Salmon Dip Recipes

I realized it has been a while since I posted something. Summer in Alaska doesn’t leave much time to slow down. Next week we begin butchering chickens. In three weeks we hit the river for dipnetting salmon. In between it all is weeding and watering the garden.

On busy days like this, when the sun is out and stays up forever, dinner is not much more than a bowl of salmon dip in the refrigerator to which people can help themselves. I’ve been asked no less than three times in the last few weeks for my recipes, so I thought I’d share (since I’m writing them down to email them, anyway!)

Mexican Style Salmon Dip

  • 1 pint jar canned salmon, drained
  • 2-3 T. sour cream
  • 2-3 T. mayonnaise
  • 1 T. Penzey’s Adobo Seasoning (I don’t get kickback from them. They are just my favorite spice company.)
  • 1 t. onion powder
  • 2 T. chopped fresh cilantro
  • cayenne pepper to taste

Mix it all together and enjoy with tortilla chips or other crackers. Also great with thinly sliced jicama or kohlrabi.

Horseradish Salmon Dip

  • 1 pint jar smoked, canned salmon, drained
  • 2-3 T. sour cream
  • 2-3 T. mayonnaise
  • 2 T. chopped sweet onion
  • 1-2 t. ground horseradish (or to taste)

Mix together and enjoy with crackers, veggies, or as a sandwich filling. Delicious with a selection of cheeses as an hors d’oeuvres plate.

Time to hit the garden again! Enjoy!


13 thoughts on “Salmon Dip Recipes

  1. Diana Layne

    Yum, the Mexican dip looks amazing. About your garden, you have some sort of plastic to help warm it up? What are the day/nite temps there? Here in TX it’s in the 100s right now, but I’m wondering how early (what temps) I could plant if I used that plastic to warm the ground?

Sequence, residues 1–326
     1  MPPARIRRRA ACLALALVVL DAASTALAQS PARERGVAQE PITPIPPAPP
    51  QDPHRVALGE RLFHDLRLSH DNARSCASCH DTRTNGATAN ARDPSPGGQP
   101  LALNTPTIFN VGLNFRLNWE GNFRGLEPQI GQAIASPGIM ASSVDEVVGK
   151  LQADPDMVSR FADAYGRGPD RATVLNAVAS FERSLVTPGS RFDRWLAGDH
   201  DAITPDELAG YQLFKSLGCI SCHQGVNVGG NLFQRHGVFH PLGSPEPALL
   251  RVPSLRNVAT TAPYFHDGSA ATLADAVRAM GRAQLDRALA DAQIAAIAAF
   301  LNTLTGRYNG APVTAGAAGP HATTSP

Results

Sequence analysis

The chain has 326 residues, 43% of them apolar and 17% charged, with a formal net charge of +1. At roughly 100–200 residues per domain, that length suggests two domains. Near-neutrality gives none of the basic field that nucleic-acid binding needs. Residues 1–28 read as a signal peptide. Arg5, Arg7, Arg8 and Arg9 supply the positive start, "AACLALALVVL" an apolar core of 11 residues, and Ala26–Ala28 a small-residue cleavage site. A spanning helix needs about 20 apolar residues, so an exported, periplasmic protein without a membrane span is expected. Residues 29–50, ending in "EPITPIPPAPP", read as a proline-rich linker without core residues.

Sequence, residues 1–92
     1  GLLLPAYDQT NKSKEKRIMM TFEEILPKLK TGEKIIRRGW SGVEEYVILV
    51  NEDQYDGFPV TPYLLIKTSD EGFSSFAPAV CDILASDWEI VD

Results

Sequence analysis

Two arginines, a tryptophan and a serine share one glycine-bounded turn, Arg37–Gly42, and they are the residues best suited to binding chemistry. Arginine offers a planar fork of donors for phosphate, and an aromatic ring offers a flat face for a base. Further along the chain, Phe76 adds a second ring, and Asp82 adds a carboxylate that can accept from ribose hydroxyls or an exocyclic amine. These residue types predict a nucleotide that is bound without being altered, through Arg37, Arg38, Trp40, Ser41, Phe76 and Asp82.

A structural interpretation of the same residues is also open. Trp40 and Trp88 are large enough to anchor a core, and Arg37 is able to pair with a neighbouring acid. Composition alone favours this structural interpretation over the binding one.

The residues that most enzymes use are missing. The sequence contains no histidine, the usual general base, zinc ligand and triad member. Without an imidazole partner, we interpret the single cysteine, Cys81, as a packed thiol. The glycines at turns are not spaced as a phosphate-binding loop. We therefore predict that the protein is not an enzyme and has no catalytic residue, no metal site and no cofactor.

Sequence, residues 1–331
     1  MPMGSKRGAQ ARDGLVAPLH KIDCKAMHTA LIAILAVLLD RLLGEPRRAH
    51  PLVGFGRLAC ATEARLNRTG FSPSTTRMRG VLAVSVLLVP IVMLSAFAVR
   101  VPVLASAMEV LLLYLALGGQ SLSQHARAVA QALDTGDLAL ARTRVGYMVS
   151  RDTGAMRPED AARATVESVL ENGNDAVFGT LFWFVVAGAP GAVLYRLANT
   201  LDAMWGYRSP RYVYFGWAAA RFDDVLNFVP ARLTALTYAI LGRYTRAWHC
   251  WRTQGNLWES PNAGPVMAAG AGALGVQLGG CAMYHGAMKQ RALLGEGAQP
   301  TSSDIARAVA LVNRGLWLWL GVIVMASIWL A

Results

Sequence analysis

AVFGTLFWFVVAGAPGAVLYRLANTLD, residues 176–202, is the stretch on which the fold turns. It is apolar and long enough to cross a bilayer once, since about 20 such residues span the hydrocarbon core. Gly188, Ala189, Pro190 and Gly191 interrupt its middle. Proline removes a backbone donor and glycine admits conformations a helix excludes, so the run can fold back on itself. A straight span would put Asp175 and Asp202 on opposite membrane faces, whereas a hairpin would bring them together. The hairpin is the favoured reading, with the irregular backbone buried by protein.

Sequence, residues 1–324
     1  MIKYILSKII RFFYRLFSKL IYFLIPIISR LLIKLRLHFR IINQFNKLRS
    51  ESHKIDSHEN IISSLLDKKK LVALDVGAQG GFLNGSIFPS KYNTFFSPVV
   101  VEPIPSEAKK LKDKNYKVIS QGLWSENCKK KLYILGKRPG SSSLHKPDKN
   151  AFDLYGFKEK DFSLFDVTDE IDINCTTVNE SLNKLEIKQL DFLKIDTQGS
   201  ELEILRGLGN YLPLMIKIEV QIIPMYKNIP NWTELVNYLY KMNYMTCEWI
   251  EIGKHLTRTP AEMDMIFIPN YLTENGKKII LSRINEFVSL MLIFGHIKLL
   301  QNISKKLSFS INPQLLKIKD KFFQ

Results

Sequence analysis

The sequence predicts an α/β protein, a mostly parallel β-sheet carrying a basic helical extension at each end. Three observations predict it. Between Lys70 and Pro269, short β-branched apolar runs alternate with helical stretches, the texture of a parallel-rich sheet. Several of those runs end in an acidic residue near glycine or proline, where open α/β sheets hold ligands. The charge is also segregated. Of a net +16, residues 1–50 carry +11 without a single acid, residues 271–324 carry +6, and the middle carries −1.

1. Tam Linsey Post author

      Well, we had a scorcher today and it reached 74 – lol! But some summers we stay in the mid 60’s. I have brown paper on my soil for weed suppression right now, but for some heat loving plants I use IRT (infrared transmitting) plastic mulch.

      If you are wanting to plant early, you might consider using a Wall o’Water for single plants (see that brilliant green blob to the far left on the last picture in this post? There’s a pumpkin plant in it.) I use them and can plant when night temps are still going down into the 30’s.

      I think it would be interesting to try to grow in the opposite extreme like you have in TX. I imagine you have to find ways to keep plants cool?

      1. Diana Layne

        we have to get planted by March (Feb for some plants) and the garden should be done by late May or early June b/c it’s too hot then. One time I planted lettuce in late September and it actually grew all winter, and we even had a touch of snow that winter, was still around in March, but as soon as the heat hit it, it was gone. I’m a beginning gardener and part of the problem I have in this house is there’s so many trees, it’s hard to find the sunshine for enough hours. Thanks for the tips!

      2. Tam Linsey Post author

        Wow! We can’t even plant out until May – usually late May. And my first killing frost usually happens the last day of August or so. But our long hours of daylight make everything grow gangbusters. I love hearing gardening stories from different areas. Make sure you check with your Cooperative Extension office for free publications on gardening in your area. They likely have lots of tips.

  2. Pingback: Mmm Monday: Salmon Trick! « My So-Called Geek Girl Life

Leave a Reply

Fill in your details below or click an icon to log in: Logo

You are commenting using your account. Log Out /  Change )

Google+ photo

You are commenting using your Google+ account. Log Out /  Change )

Twitter picture

You are commenting using your Twitter account. Log Out /  Change )

Facebook photo

You are commenting using your Facebook account. Log Out /  Change )


Connecting to %s